The Swiss parliament passed a law on Friday aimed at curbing immigration by giving local people first crack at open jobs, skirting voters’ demand for outright quotas, which it feared could disrupt close ties with the European Union.
The European Commission gave the law a cautious welcome while it checks with members on how to handle non-EU member Switzerland, whose treatment will be scrutinised for hints on what Britain might expect as it negotiates its EU divorce.
European Commission President Jean-Claude Juncker was due to talk with Swiss President Johann Schneider-Ammann later on Friday, and an EU-Swiss committee meeting was planned for December 22.
Brussels has so far shown scant inclination to compromise on the free movement of people – the principle underpinning Swiss access to the EU’s single market of 500 million – so as not to encourage Britain after its June Brexit vote.
The bill’s lack of upper limits on immigration to a country of 8.3 million, whose population is already a quarter foreign, prompted the right-wing Swiss People’s Party to say politicians had defied the people’s will as expressed in a 2014 referendum.
The SVP, the largest party in parliament, has accused other parties of caving in to Brussels and shirking their duty to stand up for Swiss sovereignty.
Its members held up signs in the chamber reading “Breach of the constitution” and “Mass immigration continues.”
AVOIDING A ROW
But a clear majority in parliament did not want to risk a row with the EU, Switzerland’s main trading partner, which could retaliate by abrogating other bilateral accords governing trade worth about 7 percent of Swiss economic output.
The debate in Switzerland in many ways mirrors that in Britain, where voters decided to quit the EU in part as a way to control immigration, which critics said was putting too much strain on social infrastructure.
The British government declined comment on the Swiss vote.
Rather than the quotas voters had demanded, the law says that, at times of economic upheaval, employers in sectors or regions with above-average jobless rates must inform local job centres of vacancies and get the names of job seekers.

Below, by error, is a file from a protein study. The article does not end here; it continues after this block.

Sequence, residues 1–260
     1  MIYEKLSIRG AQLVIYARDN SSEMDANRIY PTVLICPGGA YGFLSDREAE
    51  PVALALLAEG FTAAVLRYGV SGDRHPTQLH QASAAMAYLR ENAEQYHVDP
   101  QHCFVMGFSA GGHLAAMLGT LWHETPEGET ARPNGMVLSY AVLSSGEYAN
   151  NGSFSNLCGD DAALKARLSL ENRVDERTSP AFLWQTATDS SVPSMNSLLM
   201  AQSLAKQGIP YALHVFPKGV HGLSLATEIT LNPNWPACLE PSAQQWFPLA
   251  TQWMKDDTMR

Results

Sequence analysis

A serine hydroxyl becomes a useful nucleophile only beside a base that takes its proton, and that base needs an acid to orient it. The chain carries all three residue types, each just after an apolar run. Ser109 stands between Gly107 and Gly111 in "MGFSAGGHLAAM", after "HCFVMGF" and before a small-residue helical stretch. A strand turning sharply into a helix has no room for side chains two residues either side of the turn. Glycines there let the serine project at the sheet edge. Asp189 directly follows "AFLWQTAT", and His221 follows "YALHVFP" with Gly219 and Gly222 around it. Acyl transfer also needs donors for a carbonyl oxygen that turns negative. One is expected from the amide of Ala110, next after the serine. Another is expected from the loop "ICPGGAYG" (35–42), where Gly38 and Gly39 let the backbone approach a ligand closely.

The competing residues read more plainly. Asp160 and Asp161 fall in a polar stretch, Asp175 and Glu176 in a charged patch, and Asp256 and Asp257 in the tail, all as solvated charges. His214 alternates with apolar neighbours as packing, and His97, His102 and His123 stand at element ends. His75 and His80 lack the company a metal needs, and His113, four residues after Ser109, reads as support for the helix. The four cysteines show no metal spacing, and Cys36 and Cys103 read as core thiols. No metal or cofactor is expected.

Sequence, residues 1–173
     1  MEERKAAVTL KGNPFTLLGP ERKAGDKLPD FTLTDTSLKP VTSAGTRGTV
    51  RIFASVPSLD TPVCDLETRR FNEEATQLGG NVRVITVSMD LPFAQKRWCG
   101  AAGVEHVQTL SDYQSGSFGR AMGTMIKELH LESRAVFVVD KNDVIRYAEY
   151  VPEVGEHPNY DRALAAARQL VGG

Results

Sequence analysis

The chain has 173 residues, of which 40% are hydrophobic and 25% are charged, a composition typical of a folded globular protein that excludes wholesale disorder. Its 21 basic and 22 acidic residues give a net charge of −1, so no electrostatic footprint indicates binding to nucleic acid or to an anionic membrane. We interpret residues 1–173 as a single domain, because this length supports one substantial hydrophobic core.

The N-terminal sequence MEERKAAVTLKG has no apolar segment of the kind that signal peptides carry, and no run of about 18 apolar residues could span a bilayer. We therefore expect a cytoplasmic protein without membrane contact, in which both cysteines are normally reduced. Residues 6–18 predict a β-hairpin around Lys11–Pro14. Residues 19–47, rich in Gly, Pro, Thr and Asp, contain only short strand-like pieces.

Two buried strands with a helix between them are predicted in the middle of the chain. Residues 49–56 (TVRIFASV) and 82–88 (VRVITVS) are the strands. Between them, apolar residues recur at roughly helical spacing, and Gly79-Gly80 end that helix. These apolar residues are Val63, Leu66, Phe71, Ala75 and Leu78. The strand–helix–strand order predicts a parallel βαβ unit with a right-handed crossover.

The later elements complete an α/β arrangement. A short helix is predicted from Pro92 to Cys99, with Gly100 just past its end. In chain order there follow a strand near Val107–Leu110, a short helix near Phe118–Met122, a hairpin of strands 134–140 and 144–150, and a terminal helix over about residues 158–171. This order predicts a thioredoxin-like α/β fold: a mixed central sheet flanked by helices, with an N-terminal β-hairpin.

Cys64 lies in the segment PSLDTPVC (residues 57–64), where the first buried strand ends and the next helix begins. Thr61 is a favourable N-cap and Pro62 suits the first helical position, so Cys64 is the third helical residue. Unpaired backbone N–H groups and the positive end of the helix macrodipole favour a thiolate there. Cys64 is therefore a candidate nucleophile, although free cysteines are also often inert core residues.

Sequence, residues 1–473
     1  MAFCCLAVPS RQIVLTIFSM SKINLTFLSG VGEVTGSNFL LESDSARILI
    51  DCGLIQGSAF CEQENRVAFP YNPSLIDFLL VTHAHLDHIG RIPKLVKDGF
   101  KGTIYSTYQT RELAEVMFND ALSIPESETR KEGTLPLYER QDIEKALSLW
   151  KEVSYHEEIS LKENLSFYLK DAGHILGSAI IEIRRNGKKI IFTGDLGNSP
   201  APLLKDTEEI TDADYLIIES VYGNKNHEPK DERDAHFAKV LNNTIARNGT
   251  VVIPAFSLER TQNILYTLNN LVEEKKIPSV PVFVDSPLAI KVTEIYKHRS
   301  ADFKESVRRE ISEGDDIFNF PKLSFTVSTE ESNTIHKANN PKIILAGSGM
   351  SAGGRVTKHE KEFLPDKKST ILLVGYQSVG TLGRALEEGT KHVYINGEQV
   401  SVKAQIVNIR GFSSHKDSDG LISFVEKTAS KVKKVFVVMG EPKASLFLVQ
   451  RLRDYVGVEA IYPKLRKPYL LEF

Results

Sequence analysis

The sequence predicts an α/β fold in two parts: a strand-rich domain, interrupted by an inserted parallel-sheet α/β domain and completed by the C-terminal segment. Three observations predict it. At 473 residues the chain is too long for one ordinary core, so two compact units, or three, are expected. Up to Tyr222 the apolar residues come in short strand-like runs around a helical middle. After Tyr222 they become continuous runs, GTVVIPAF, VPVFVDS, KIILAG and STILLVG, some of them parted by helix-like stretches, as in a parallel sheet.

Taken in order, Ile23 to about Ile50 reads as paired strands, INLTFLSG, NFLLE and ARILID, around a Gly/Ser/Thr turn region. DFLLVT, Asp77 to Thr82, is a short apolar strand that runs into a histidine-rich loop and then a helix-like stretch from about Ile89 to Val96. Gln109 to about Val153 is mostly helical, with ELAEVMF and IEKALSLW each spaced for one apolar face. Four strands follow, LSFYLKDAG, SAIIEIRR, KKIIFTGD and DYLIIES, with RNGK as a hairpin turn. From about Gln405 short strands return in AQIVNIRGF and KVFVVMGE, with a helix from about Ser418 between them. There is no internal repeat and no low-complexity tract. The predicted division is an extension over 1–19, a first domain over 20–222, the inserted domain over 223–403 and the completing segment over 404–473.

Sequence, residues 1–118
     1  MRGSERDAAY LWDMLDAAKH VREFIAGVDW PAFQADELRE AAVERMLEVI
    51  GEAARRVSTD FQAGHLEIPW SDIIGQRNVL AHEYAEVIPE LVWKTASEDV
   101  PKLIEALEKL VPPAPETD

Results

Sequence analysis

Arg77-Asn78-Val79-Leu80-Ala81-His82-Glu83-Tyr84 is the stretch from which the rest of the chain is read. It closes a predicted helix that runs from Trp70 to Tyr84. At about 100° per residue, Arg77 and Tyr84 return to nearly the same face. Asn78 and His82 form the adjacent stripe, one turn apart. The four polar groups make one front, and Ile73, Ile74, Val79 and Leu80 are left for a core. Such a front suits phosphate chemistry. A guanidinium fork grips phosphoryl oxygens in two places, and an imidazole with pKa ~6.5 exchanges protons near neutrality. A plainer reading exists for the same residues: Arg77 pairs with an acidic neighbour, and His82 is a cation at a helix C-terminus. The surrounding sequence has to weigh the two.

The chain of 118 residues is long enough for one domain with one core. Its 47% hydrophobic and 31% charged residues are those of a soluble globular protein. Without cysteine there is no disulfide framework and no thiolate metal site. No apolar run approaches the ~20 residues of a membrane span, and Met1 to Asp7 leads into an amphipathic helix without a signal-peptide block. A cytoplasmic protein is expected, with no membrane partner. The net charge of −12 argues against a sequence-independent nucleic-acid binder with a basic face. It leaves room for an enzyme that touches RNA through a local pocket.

The presumption is that local residents will be more likely to register with the job centres – although, to the annoyance of the SVP, cross-border commuters and any citizens from EU or EFTA countries will be allowed to do so, enabling the government to argue that they meet the EU’s non-discrimination test.
The right-wing isolationist group AUNS said it would try to force a vote under the Swiss system of direct democracy on abrogating the free movement accord with the EU, saying voters had to stop Switzerland from becoming “a colony of the EU.”
Nearly 1.4 million EU citizens live in Switzerland and more than 300,000 commute in from neighboring countries.
The Swiss think that gives them leverage with Germany, France and Italy, whose leaders may not want to have to explain to voters – especially in border regions where populist partie are strong – why they can no longer work in high-wage Swiss jobs.
Passage of the law cleared the way for the Swiss government to extend free movement of people on Friday to the latest EU member, Croatia. That, in turn, will restore Swiss access to the EU’s Horizon 2020 programme, which funds research projects.
In any event, Swiss citizens look set to vote in a second referendum on whether to impose curbs on immigration or reaffirm close economic ties with the bloc.
Many analysts think they will opt to uphold the bilateral accords that smooth business ties with the EU. But the wave of migrants that arrived in Europe last year, and a sense that the EU is increasingly divided and ineffective, could make it a close call.
“You have seen what became of (German Chancellor Angela) Merkel’s good idea (to welcome refugees from Syria). I would say ‘yes’ to quotas,” said Siegfried, a retiree from Winterthur who did not give his family name.
Others interviewed at random in Zurich disagreed.
Conrad Hottinger, a retired engineer from Herrliberg, said parliament had found an elegant way out of a policy dilemma triggered by “mean” far-right populist politics.
“The people have said many times that the bilateral accords have priority. This (the 2014 referendum) was a political chess move by the populist right,” he said.